The takeaway that I hope people get is that it is a mistake for people to think that just because we have been divinely called that we should be called divine. Those who are called have to become more humble, more transparent instead of covering and hiding. I want people to overcome fear. The fear of rejection, the fear of acceptance, and embrace the fact that the only being that knows all about us and loves us still is the Lord. So what begins at the crossroads of life ultimately ends at the cross.
What is it like being Mrs. T.D. Jakes? You have been married for 30 years? Give our young sisters some wisdom and guidance on marriage — how to make it work in such a different time. Does marriage still matter? And do you think president and Mrs. Obama set a good example of marriage in our modern time?

My husband and I are friends. We started that way. We take our vows seriously — we have seen our vows tested, in sickness, loss, poverty, you name it. You have to learn to read it each other, update each other in the seasons of your relationship. I like my husband as a person — I love him, but I like him. I married the man, who occupationally happens to be a bishop. I am delighted to be married to the man, and pleased to serve the Bishop. The most stressful times for us were when we were financially challenged, for sure. But we were never emotionally separated. We have held on to one another. We’ve come through having no water, no lights, no food…. He is my man, and my Pastor.

To your second question, of course marriage still matters if you want to commit to one person for a lifetime. Marriage may not be for everyone — everyone’s marriage is uniquely different, just as fingerprints are different. As for president and Mrs. Obama, their impact on our young people is incredible – irreplaceable — nothing has encouraged our young adults more than the presidency and marriage of president and Mrs. Obama.

Has the black church lost credibility with younger people, and is that reflected in the numbers of young people in the pews? Do the various scandals like the Eddie Long scandal in Atlanta impact the black church’s ability to reach out to young people and gain their parents’ trust?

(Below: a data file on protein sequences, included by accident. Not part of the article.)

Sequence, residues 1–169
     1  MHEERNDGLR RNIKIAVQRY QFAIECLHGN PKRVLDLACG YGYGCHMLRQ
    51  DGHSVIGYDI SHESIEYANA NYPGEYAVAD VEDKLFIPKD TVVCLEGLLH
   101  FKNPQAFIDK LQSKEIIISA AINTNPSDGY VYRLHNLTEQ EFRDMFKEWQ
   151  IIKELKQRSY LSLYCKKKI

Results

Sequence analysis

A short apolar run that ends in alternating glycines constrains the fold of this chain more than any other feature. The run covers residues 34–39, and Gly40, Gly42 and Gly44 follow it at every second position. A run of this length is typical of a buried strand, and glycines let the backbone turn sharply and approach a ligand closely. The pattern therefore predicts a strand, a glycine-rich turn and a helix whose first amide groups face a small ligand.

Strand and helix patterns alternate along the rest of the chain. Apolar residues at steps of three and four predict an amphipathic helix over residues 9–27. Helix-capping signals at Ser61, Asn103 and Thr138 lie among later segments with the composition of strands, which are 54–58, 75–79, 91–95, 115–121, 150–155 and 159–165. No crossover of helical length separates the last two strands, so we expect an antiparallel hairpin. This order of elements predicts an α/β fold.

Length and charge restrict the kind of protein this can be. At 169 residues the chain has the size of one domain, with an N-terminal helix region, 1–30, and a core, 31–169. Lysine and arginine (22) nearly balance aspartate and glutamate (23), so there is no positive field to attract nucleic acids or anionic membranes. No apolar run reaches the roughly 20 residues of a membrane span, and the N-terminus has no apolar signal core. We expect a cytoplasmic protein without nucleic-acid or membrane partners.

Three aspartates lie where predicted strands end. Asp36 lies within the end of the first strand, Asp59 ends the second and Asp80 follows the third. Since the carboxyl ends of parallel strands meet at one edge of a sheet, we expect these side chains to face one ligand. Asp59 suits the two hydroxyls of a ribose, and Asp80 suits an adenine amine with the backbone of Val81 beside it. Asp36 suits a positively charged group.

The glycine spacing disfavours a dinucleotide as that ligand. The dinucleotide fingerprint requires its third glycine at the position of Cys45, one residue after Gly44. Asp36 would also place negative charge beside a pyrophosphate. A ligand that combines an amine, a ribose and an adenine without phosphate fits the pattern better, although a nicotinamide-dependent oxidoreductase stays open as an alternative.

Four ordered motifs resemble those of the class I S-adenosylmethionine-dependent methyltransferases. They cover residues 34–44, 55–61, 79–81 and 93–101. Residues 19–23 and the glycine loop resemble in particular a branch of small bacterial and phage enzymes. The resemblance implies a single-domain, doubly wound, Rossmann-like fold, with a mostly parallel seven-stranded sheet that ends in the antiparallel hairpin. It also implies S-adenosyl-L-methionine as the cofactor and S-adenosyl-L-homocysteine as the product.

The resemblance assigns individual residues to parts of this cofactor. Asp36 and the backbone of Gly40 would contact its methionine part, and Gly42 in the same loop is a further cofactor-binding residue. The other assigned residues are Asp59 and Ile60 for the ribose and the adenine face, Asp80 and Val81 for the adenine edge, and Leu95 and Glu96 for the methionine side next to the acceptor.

The relevancy of the church has dwindled because our focus has often been on the wrong things; things like leadership and the size of our churches versus keeping our focus on Jesus.

The church must get back to looking to God/Jesus as our model, versus men. Church is about unconditional love as God loves us. The Bible tells us that we need to train our young people up in the way they should go. It saddens me to know we have taken our eyes off of our great Leader Christ, and turned that over to flawed humans.

These leaders are being called divine when they are human. Disappointment is sure to follow and all we can do is apologize, and try to do better. But most importantly if we are to rebuild interest and trust in the church, it needs to offer a place of sanctuary and healing to its leaders when they fail. Yes, we need to hold them accountable when they fail. But we don’t allow them to be transparent. We have set our preachers up as Gods and they are not. They are human. We have to let our shepherds bleed, [but] when they go to find sheep and bramble, they get thorns.

It is lonely being a pastor or a pastor’s wife. You are supposed to be the opiate of Christendom, be the example. Leaders have to show people their wounds. Even Jesus had to show his wounds in his hands before the disciples believed it was him. The way to restore trust is for us to renew our focus on God and not men.

Should the church stay out of politics? Does getting politically involved pollute the message?

My short answer is that we at Potter’s House don’t preach politics from the pulpit. Political statements from the pulpit can jeopardize 501c3 [tax] status and more importantly credibility, with your flock. People come to church to be guided spiritually, not politically. We certainly need to tell our people to vote, to support candidates that they choose, and to exercise their rights. But people come to hear the gospel. They want help. They need ministry. Potter’s House is a stew that feeds people. That is the message we want to keep pure above all else.

Finally, Mrs. Jakes what are your thoughts on Penn State, and the Coach Sandusky scandal? How can we better protect our children if we can’t trust them with the coaches, teachers, or in some cases, the pastor or priests?

I think we have to look at the culture. Parentally, we have to be better guardians; we have to be intellectually curious when our kids throw up warning signs about adults with whom we have entrusted their care. This is a tough economy, on families and single moms who are increasingly turning kids over to coaches and youth organizations, to keep them off the streets. Unfortunately these people — many of them — are wounded physicians themselves.

We have to watch for signs of kids acting out, grades drop[ping], behavioral changes… Read the cues. Listen to our kids. Be more discerning. Parental responsibility is what we need to cover our kids better and protect them. We have to be better guardians, [and] stop being so busy. We have to get back to raising our kids. Children are a gift and they should be treated as such.